The Winners And Losers Of Trump Pulling Out Of The Iran Deal

President Trump had railed against the Iran nuclear deal since its inception, so it was only a matter of time before he killed it.  This article is dedicated to sussing out the winners and losers of Trump pulling out of the Iran deal.

The Winners of Trump pulling out of the Iran Deal

Iran’s hardliners are the biggest winners.  Iran’s hardliners are the only people more critical of the deal than President Trump and Israeli Prime Minister Netanyahu.  President Trump killing the deal helps them in two ways.

First, this gives Iran’s hardliners a legitimate reason to pursue a nuclear bomb.  Second, Iran’s hardliners could now replace moderate leader Rouhani with someone who falls in line.

Oil prices will rise in the long run.  The end of the Iran nuclear deal has the potential to hamstring Iranian oil production.  Moreover, it also increases the risk of more conflict in the wider oil-rich Mideast.

Iran produces about 4.6 million barrels per day, sanctions could reduce that by about a million barrels.  On top of that, the Mideast accounts for a staggering 34.5% of global oil production.  Any threat to that much oil from a more belligerent Iran will have an appreciable effect on prices.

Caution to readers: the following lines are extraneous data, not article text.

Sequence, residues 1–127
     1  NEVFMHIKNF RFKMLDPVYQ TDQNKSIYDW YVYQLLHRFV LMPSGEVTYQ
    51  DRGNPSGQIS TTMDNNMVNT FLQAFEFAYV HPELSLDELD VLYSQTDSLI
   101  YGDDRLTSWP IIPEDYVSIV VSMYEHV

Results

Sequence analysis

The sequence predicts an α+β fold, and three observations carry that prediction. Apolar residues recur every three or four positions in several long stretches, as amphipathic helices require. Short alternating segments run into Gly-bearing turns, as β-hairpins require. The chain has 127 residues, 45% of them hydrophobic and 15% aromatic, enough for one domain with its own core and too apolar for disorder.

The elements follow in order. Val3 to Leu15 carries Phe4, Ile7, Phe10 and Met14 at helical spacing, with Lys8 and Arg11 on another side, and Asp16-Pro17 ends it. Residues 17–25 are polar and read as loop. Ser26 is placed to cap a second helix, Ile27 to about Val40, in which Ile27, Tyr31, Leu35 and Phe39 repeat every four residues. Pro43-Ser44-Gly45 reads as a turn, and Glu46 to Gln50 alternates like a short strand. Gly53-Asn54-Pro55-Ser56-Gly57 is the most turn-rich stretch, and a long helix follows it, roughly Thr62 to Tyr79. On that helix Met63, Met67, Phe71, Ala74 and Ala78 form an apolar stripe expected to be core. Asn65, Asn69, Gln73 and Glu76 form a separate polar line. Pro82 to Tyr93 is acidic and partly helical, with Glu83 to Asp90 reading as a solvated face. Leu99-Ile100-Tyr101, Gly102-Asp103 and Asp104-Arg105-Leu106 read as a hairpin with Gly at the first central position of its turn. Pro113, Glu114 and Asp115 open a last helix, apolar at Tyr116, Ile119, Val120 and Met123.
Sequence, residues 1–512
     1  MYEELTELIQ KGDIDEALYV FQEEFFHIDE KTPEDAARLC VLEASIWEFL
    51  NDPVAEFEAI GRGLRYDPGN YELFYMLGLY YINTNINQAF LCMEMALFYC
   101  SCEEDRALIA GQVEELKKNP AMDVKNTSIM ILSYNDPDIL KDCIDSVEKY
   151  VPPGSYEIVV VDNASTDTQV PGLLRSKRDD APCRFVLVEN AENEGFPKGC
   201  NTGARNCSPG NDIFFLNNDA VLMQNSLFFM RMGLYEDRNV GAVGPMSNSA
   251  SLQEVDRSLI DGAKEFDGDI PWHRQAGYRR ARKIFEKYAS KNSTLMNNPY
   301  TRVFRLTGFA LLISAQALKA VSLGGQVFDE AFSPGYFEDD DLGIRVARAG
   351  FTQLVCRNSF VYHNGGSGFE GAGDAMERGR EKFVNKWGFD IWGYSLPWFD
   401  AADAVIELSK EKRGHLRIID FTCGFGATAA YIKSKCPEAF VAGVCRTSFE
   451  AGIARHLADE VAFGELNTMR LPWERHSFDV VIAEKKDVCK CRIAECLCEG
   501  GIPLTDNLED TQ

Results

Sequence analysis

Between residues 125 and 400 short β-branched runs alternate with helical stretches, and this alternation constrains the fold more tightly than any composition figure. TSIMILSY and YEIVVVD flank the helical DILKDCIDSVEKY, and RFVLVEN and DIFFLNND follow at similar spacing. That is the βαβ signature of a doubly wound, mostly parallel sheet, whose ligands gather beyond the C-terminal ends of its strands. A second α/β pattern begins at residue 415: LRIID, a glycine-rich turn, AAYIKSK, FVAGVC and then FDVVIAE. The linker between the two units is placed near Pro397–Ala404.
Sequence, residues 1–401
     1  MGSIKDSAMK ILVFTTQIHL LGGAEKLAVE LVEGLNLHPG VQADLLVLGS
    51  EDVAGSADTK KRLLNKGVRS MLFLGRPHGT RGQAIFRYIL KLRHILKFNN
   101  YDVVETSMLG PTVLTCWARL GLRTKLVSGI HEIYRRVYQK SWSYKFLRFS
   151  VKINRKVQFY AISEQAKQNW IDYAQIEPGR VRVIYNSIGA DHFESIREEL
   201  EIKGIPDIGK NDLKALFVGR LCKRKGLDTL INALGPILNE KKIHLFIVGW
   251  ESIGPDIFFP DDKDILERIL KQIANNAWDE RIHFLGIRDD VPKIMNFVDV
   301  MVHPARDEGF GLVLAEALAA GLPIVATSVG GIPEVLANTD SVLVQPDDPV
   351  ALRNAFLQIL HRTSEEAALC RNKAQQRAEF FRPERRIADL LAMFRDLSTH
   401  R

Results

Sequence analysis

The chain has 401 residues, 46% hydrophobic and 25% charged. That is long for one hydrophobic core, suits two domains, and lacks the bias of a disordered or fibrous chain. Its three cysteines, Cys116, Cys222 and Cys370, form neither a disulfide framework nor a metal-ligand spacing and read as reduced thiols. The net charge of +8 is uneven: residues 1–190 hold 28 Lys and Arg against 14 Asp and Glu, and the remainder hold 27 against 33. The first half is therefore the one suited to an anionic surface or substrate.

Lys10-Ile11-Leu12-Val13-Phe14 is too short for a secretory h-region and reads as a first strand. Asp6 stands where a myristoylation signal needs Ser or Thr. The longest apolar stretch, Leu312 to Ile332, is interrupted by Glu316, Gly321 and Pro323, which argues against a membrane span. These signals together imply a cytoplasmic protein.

Israel’s embattled Prime Minister Netanyahu also gets a political win.  Netanyahu is facing corruption cases that are threatening to bring him down.  The end of the Iran nuclear deal gives him a respite from these scandals.  That said, this increases the risk of a nuclear Iran and makes Israel less safe in the long run.

Saudi Arabia gets a double win.  First, the Saudis rope America into another Mideast conflict to take down its arch nemesis Iran.  Second, Iranian oil production will decline and that means rising market share for Saudi Arabian output.

The Losers of Trump pulling out of the Iran Deal

The United States gets dragged into yet another endless Mideast mess.  Ending the nuclear deal will require the United States to increase support to its local allies as tensions inevitably ramp up.  It is impossible to predict right now what that will entail.  But it will cost money and even put US soldiers in harms way in Iraq, Syria and the Persian Gulf.

American diplomatic reputation takes another hit.  Virtually every credible source agrees that Iran has complied with the nuclear deal.  Accordingly, the United States withdrawing unilaterally from the agreement means other countries are less likely to trust the United States going forward.  This may have immediate implications as the US begins direct negotiations to de-nuclearize North Korea.

American consumers will see higher prices at the pump.  Gasoline prices have already climbed about 40 cents in the last six months and could easily go up another 40 cents as oil prices rise.  The average American driver consumes about 656 gallons per year.  So, that means American consumers could see their gasoline bill go up by $524.80 per year.

See more of our analysis here.

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Al Basoglu

I am a financial services professional with over a decade of experience in various roles. I've lived and worked abroad in 5 different countries while pursuing personal and professional challenges. My interests include markets, history and different cultures. I tend to weave all of my interest into my analysis and articles.